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Alexanders Turn

Benson C Saili
THIS EARTH, MY BROTHER    

World conqueror seeks immortality ala Gilgamesh but only to die at age 33

Alexander the Great (356-323 BC) is almost unanimously acknowledged as history’s greatest military general. Having succeeded to the throne of the Greek Kingdom of Macedonia on the demise of his father King Phillip II in 336 BC, he went on to conquer the whole of Europe, North Africa, and the Middle East – all lands that were deemed the hub of the mainstream world at the time. What is even more remarkable is that he accomplished these feats at the tender age of only 33!

There are two aspects to the breathtaking saga of Alexander.  There is the aspect that historians treat as viable history. Then there is the aspect they dismiss as pure myth or fantastical embellishment. This you will never find in the pages of one, single institutional textbook. Why? Because it talks about gods, angels, paradise, oracular visits, etc, which your modern historian simply would not reconcile with his myopic, single-track view of literal history.

To your university educated historian, gods, angels and paradise have supernatural connotations and therefore would not be part and parcel of this temporal world. How ignorant! For the gods and angels even of the Bible were not ethereal beings, now we know courtesy of the Sumerian tablets: they were flesh-and-blood beings like you and I. Clearly therefore, the gods and angels who feature in the Alexander story were not metaphysical beings: they were Anunnaki, finish and klaar.

What do we learn from the Sumerian chronicles in relation to the character and morality of the gods, as the Anunnaki were called? A typical blot about them was that they were unashamedly promiscuous – on the basis of our concept of morality as mankind, that is. For example, they fathered children with human queens or such members of the nobility behind the back of the king or some such aristocratic spouse, perhaps not so much for simple lust as for politically strategic purposes.

A case in point is Enki’s fathering of Noah by Lamech’s wife Batanash.  As a result, even during the era of the pharaohs, a number of them claimed they were demigods because they were surreptitiously fathered by gods. It turns out that in the case of Alexander too, King Phillip was his father in name only. His real father was a god, an Anunnaki.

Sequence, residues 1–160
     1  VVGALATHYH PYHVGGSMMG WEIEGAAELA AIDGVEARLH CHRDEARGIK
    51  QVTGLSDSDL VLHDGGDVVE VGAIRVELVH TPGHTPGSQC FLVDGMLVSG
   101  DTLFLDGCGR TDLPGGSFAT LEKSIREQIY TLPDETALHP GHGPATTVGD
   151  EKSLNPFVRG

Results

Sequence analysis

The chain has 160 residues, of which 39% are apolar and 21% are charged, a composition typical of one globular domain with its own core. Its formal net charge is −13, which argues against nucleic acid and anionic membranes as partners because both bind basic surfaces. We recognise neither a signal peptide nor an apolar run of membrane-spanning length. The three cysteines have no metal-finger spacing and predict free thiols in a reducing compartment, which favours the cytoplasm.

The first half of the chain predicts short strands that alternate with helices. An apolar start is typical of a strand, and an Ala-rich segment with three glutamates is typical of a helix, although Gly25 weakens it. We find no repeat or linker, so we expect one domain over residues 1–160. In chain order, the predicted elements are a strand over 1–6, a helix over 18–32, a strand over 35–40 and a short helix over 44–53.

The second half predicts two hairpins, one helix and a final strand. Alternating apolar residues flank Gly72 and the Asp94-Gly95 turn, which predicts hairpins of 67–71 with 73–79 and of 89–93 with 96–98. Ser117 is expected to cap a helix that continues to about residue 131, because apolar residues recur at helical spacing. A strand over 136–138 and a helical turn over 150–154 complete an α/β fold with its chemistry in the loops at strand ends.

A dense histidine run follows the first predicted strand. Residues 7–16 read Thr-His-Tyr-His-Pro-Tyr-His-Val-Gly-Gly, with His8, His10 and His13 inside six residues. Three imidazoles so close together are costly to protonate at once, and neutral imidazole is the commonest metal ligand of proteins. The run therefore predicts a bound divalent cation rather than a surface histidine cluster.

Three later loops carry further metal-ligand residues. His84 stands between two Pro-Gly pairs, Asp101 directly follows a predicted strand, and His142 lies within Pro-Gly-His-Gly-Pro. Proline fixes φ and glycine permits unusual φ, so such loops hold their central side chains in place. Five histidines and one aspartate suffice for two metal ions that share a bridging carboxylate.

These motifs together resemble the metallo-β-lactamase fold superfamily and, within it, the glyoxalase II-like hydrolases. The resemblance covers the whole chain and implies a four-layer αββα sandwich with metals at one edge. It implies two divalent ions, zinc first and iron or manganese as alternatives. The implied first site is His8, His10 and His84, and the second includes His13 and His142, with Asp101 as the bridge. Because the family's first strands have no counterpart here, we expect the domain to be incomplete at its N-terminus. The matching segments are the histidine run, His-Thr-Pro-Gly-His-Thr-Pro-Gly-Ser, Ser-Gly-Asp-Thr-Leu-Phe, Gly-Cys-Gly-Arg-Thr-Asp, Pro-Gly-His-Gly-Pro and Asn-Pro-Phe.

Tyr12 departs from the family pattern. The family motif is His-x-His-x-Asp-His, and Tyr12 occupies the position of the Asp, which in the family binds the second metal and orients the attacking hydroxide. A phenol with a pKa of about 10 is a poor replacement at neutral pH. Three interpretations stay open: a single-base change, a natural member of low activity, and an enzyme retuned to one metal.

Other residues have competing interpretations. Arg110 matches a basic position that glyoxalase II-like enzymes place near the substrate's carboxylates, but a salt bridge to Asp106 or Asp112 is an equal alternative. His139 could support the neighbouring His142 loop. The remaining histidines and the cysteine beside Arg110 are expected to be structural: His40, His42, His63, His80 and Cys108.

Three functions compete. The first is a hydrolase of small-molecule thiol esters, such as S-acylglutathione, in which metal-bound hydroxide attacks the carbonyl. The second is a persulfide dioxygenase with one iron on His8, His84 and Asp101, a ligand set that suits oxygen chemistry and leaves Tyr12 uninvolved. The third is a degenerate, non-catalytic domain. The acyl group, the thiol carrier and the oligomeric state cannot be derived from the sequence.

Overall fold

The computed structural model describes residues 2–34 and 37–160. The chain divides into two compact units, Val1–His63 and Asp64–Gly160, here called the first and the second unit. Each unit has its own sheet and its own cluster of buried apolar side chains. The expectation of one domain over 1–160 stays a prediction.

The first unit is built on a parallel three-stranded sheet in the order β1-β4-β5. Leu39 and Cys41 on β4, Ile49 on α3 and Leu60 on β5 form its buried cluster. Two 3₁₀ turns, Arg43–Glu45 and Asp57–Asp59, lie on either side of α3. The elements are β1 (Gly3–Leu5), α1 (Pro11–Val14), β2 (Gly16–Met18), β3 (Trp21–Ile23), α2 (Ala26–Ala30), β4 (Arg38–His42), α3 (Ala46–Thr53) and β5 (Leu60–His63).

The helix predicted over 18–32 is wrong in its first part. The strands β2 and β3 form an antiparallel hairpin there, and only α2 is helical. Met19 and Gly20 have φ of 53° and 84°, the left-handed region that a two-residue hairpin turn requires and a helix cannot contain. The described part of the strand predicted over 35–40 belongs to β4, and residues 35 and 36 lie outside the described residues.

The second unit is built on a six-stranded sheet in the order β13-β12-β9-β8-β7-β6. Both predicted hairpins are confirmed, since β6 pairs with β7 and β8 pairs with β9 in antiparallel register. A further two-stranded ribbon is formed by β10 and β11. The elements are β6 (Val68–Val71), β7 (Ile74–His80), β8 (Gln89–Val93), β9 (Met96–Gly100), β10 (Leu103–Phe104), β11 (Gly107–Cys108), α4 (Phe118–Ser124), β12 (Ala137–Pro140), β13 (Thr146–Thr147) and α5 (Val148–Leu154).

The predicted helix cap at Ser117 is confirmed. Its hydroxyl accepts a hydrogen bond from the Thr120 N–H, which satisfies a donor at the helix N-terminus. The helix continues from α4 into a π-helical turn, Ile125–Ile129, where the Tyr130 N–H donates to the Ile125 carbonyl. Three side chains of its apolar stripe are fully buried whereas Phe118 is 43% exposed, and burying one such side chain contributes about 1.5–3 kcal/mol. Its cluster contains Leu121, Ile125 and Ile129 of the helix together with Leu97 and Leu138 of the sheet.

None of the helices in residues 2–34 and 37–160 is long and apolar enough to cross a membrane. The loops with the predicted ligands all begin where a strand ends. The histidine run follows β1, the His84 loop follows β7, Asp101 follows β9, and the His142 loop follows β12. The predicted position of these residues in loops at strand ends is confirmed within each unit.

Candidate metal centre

GREEK GOD ZEUS WAS NANNAR-SIN

Let us first of all demonstrate that the Greek gods and the Old Testament gods were one and the same but known by different names. In fact, the names were not different as such: they were simply linguistic variations of the same name. But the bottom line is that both the Greek and Old Testament  gods were Anunnaki.

The Greeks did not believe in only one god. In fact, no ancient  civilisations worshipped or revered one god. Even the Old Testament gods, it is now common knowledge, were disparate entities merged into the compound term Jehovah: that  we have demonstrated in our earlier articles. Even our primordial ancestors as Africans invoked not Modimo (Setswana for God) but Badimo (the living dead as a collective).  The  unitarisation of Badimo into Modimo is a recent fad.

The Greeks had a pantheon of twelve gods they called Olympians. At the head of these gods was Zeus. Who was Zeus? He was said to be the “King of the Gods”. In Sumerian records, the King of the  Gods was Anu, “Our Father Who Art In Heaven”, the ruler of the planet Nibiru. But in Greek theology, Anu  was known as Uranus and he was said to be the father of Kronos, who in turn was the father of Zeus. Kronus thus was  the equivalent of Enlil in the Anunnaki pantheon. What that entails is that Zeus was the king of gods who were based on Earth,  not the cosmic king of the gods like Uranus was.   However, in the Anunnaki pantheon,  the king of gods on Earth was Enlil, or Kronus in Greek theology, not Zeus. So, who was the real ruler of Earth: Zeus or Enlil?

If you have been reading the Earth Chronicles, you will have noted that as the BC era wound down, Enlil, who was Earth’s initial Chief Executive, began to retreat from centre stage and delegated his duties mainly to Nannar-Sin, his second-born son. Thus to the Enlilites or people who worshipped Enlilite gods, Nannar-Sin was the de facto King of the Gods. So was Nannar-Sin equivalent to the Greek’s Zeus?

Literally,  the term Zeus, in its original rendering,  meant “He Who Is Here”. When addressed to a god, it meant  “The One (a title for a divine being) Who Rules Here on Earth”. In short, this is “Earth Lord”,  “Ruler of the World”, or “God of Earth”. The biblical term Jehovah is best explained in some African languages, one of which is setswana. In setswana, it is “Ye-o-fa”, meaning “The One Who is Here”.  Thus Jehovah and Zeus meant the same thing – the divine ruler of Earth.